Home News Adelaide University and UniSA Closer to Merger

Adelaide University and UniSA Closer to Merger


The University of Adelaide and the University of South Australia have signed a merger agreement to become one of the largest universities in the world for domestic students.

The whole merger will come through in under 3 years. Both the universities have developed a solid business case and financial plan and have decided to name the combined university “Adelaide University”. It will be operational from January 2026. The government has also promised “no net job losses” before and after this historic merger.

The two universities will now work together to create a feasibility and business case to become one of the biggest universities in Australia for domestic students. The new university will have 70,000 students, which will be the largest headcount of domestic students in Australia, and a total of 3100 staff members.

As part of the merger plan, a transition council of 14 members will be created with a chancellor who will oversee a competitive process to appoint a vice chancellor for the combined university, which will be governed by the new legislation.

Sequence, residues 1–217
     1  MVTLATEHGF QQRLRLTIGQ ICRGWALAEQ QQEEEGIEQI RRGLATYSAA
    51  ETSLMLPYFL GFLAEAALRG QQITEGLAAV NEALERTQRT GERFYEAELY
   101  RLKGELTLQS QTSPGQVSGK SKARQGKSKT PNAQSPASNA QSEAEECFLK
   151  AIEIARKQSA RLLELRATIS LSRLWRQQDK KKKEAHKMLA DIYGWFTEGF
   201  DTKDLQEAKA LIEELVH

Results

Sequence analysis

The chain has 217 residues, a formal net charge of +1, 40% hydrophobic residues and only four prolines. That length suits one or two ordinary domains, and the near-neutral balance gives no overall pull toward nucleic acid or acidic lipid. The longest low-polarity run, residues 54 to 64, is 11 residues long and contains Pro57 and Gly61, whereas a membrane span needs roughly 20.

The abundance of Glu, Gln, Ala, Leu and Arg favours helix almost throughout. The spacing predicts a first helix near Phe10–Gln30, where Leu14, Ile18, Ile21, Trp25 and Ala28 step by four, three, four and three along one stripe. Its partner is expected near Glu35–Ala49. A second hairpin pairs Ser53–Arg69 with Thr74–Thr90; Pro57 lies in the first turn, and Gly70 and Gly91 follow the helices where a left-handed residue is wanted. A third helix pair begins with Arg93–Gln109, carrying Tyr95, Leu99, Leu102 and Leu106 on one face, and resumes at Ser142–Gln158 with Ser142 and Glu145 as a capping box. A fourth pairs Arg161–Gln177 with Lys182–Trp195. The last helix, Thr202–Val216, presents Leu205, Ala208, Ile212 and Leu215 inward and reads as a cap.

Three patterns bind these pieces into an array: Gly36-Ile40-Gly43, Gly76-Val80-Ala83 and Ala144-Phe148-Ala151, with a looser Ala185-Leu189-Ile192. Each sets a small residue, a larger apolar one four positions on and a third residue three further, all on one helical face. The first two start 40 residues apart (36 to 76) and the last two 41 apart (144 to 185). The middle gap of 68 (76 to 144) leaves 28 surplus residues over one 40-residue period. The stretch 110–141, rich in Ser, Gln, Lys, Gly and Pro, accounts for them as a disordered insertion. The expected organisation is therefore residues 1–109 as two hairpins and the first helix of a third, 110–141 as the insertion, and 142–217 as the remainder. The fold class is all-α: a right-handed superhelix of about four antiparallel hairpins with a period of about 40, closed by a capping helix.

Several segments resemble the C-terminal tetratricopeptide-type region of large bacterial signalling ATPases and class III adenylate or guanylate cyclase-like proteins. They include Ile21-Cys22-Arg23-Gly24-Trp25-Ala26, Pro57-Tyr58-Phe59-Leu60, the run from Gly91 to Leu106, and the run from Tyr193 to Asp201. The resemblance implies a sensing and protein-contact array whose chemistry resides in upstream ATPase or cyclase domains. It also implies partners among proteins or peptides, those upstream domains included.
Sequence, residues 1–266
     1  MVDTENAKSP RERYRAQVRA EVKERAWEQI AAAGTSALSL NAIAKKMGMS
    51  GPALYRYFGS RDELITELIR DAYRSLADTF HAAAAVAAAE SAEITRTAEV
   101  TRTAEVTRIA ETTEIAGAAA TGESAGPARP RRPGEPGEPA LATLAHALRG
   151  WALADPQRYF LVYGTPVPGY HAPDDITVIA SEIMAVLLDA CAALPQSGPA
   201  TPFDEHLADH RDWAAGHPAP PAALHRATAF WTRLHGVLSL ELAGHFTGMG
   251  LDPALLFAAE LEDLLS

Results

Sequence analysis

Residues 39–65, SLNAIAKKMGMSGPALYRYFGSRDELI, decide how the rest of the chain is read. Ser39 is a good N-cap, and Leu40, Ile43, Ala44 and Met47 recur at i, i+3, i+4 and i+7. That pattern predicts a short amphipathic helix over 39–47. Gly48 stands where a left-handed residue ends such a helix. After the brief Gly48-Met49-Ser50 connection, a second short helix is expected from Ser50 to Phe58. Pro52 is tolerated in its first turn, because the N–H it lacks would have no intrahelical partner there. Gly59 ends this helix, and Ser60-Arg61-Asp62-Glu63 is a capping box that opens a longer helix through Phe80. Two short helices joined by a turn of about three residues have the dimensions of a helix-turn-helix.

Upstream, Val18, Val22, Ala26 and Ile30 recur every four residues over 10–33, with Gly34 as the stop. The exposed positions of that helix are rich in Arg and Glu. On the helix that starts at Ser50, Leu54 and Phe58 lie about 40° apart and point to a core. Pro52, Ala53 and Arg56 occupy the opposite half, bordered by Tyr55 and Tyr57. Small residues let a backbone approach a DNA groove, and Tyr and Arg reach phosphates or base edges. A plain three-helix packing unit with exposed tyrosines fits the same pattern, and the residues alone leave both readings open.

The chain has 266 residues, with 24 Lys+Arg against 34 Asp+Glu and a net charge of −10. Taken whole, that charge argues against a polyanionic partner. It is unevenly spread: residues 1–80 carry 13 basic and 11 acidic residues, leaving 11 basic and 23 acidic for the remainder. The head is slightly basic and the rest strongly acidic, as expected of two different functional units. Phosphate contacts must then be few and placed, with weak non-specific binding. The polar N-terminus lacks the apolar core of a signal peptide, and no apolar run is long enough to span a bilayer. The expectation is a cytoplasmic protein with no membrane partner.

Professor David Lloyd, the vice chancellor of the University of South Australia, says, “The university would require the government to bear an “equitable share of the cost because it is precipitated around government policy to drive this merger forward.”

Adelaide University would be the first large university to be established since the 1980s.

In the words of South Australian Premier Peter Malinauskas, “The creation of a university for the future would put South Australia at the forefront of education in Australia with a truly globally competitive tertiary education institution.” “The combined university would make South Australia a magnet for domestic and international students and a global leader in research, unlocking incredible benefits for a state’s economy.”

Deputy Premier Susan Close said that while it was not yet a done deal, the two universities were much closer than they were before formally merging. She added that “the two universities have agreed to go through a feasibility stage now to see if they want to go ahead with the merger.”

If this merger goes through, it would immediately put Adelaide University as the biggest educator of Australian students in the country, the second-biggest educator of students from low social and economic backgrounds, and in the top 10 among Aboriginal students going to university.

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